Surrey v Worcestershire, The Oval, 4th day

Klinger calms treacherous Oval track

David Lloyd at The Oval

April 22, 2012

Comments: 4 | Text size: A | A

Surrey 140 (Richardson 6-47) and 224 (Hamilton-Brown 76, Richardson 4-81) drew with Worcestershire 119 (Meaker 6-39) and 94 for 1 (Klinger 69*)
Scorecard


Michael Klinger crunches one through the off side, South Australia v Tasmania, Ryobi Cup final, Adelaide, February 25, 2012
Michael Klinger, seen here for South Australia, steered Worcestershire to safety © Getty Images
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So the script went something like this: a pitch that produced several examples of uneven bounce on the third day - when 19 wickets fell and the ball seamed about so much that 12 players were caught by keeper or slips - would deteriorate further, leaving Surrey to win with ease.

There were no thoughts of a rewrite, either, once Alan Richardson had scuttled a few deliveries through at grubber height in his first couple of overs on the fourth morning to finish with match figures of 10 for 128.

But all good plots have a twist - and what a turn-up we could have had here but for rain washing out the final session when Worcestershire needed a further 152 runs from 39 overs. They had progressed to 94 for 1 with something approaching ease, losing only their captain Daryl Mitchell a moment or two before bad weather stopped play for the umpteenth and final time in this contest.

So what went right, so to speak, from a batting point of view? Well, for a start, Michael Klinger - a 31-year-old Australian, who has joined Worcestershire on a short-term basis while countryman Phil Hughes tours West Indies - played wonderfully well.

He struck ten fours, many of them threaded through the covers, and drove a sumptuous six, against spinner Gareth Batty, while making an undefeated 69 from 95 deliveries. But on top of that the pitch, spiteful at various times, looked almost docile while the sun shone for most of the afternoon.

"It confused me as well," said Chris Adams, Surrey's team director, when asked to explain what had happened to a dry, hard surface. "It looked a belter this afternoon. We certainly expected more with the new ball, in terms of movement, but having said that I thought their batsman played really, really well. That is the first time I have seen Klinger and he looks a very well organised player who takes the game to the opposition."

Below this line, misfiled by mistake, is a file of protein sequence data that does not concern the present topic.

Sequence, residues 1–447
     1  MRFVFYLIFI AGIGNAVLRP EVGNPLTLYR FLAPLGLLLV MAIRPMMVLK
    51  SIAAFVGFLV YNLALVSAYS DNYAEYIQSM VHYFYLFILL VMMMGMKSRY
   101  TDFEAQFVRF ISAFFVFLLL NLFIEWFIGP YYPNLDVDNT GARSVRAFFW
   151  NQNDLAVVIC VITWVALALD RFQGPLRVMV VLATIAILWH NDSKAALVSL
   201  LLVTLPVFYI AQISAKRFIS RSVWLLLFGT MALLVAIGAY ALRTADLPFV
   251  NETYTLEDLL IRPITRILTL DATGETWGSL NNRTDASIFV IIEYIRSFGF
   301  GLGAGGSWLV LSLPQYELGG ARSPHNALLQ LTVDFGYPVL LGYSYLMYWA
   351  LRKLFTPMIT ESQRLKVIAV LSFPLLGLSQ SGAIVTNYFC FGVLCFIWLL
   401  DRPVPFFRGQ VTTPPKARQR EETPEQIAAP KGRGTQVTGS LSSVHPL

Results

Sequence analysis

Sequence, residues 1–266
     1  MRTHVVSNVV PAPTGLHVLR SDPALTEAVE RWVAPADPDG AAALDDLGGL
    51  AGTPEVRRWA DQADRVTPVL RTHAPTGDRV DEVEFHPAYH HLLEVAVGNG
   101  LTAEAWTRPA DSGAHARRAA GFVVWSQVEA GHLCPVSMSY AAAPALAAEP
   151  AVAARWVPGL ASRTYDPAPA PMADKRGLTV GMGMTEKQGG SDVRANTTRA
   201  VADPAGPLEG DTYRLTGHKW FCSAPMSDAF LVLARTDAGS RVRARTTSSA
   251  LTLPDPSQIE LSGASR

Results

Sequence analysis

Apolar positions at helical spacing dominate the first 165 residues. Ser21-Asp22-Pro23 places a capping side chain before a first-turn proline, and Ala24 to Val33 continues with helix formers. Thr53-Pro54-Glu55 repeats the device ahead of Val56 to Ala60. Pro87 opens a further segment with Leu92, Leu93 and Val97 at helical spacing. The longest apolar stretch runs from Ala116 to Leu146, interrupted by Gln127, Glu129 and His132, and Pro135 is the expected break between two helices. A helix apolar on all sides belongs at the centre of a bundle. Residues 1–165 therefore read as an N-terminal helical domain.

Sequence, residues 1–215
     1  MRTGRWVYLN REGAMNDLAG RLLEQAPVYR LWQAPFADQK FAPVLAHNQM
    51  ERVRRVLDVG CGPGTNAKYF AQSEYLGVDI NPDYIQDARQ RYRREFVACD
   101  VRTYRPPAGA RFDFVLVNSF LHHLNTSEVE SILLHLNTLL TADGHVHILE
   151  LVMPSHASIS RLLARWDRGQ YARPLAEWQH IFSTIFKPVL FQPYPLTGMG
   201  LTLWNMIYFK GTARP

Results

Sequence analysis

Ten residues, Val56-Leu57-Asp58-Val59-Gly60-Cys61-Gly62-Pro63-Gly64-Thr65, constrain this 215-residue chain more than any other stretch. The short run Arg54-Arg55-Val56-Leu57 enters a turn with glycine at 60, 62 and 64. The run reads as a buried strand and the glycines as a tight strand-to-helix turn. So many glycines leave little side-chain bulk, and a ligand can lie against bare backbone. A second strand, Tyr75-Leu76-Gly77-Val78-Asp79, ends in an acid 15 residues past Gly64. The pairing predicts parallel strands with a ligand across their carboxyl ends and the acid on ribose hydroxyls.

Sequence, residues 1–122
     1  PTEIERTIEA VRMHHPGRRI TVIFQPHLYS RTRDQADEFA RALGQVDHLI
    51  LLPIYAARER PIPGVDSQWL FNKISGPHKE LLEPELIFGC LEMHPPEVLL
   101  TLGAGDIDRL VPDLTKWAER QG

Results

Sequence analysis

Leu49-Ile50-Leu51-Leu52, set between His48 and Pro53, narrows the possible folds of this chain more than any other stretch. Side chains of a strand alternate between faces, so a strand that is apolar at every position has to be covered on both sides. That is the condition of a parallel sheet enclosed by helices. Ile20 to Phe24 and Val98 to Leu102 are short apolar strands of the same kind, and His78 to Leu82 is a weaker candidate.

Adams, of course, was widely quoted last week when he lambasted the Lord's pitch after Surrey lost to Middlesex by three runs as the worst he had seen at HQ. In this match, the stand of 94 between Klinger and Mitchell was one of only two half-century partnerships and there was almost a positive outcome, despite six of the 12 scheduled sessions being lost to rain.

Adams had no intention of back-tracking on his comments of seven days ago, asking people to bear in mind that he was comparing the Lord's pitch with the "superb" surfaces he has encountered there on other occasions.

As for cricket generally this showery April, Adams said: "My sympathies go out to batsmen around the country at the moment because clearly conditions are proving very difficult. For three days here it was very difficult for all batsmen.

"What it is producing is an entertaining spectacle because people are seeing action and entertainment on a consistent basis. What I don't think it is producing is the quality of cricket we want to see from a batsman's point of view. "

It is anyone's guess how this match would have panned out given another two or three hours of play. But Worcestershire would certainly have fancied their chances of pulling off a terrific victory against a powerful attack after being set what appeared an out-of-the-question target of 246 from 70 overs.

© ESPN Sports Media Ltd.

Posted by jonesy2 on (April 25, 2012, 13:52 GMT)

of course klinger is the only competent batsman on show. aussie, coincedence? nah. hughes is not on tour with australia what is with that statement?

Posted by   on (April 23, 2012, 12:10 GMT)

4 day games starting before the end of April are a joke. Many areas of the UK simply do not have the climate beforehand to make the pitched the ECB now require at that time of year. Why is this the case? Becasue we have had to make room for seventy three thousand meaningless T20 slogathons in the middle of the summer. Yawn

Posted by Meety on (April 23, 2012, 0:34 GMT)

Well done Mick. Hughes touring the WIndies?

Posted by 2.14istherunrate on (April 22, 2012, 22:47 GMT)

.. . The Lords groundsman set it out last week- the pitches cannot be ready to play on when he has little opportunity to do so in the days before a game. I wonder how many other groundsmen fell April is not the right time for 4 day games. Of course in June and July to stage is taken up by 20/20- that path to gold. Okay so it is popular with treasurers and children. But to post as THE main event of the summer for counties and consign the long game to the ends of the season rather than high summer is suicidal in the long run and really needs to be changed. I would propose playing 20/20 instead in April and early may, when a 40 over game might more easily be completed than 96 overs of championship. It would introduce youngsters to the game earlier in the summer. and be easier to produce surfaces for than 4 day games.

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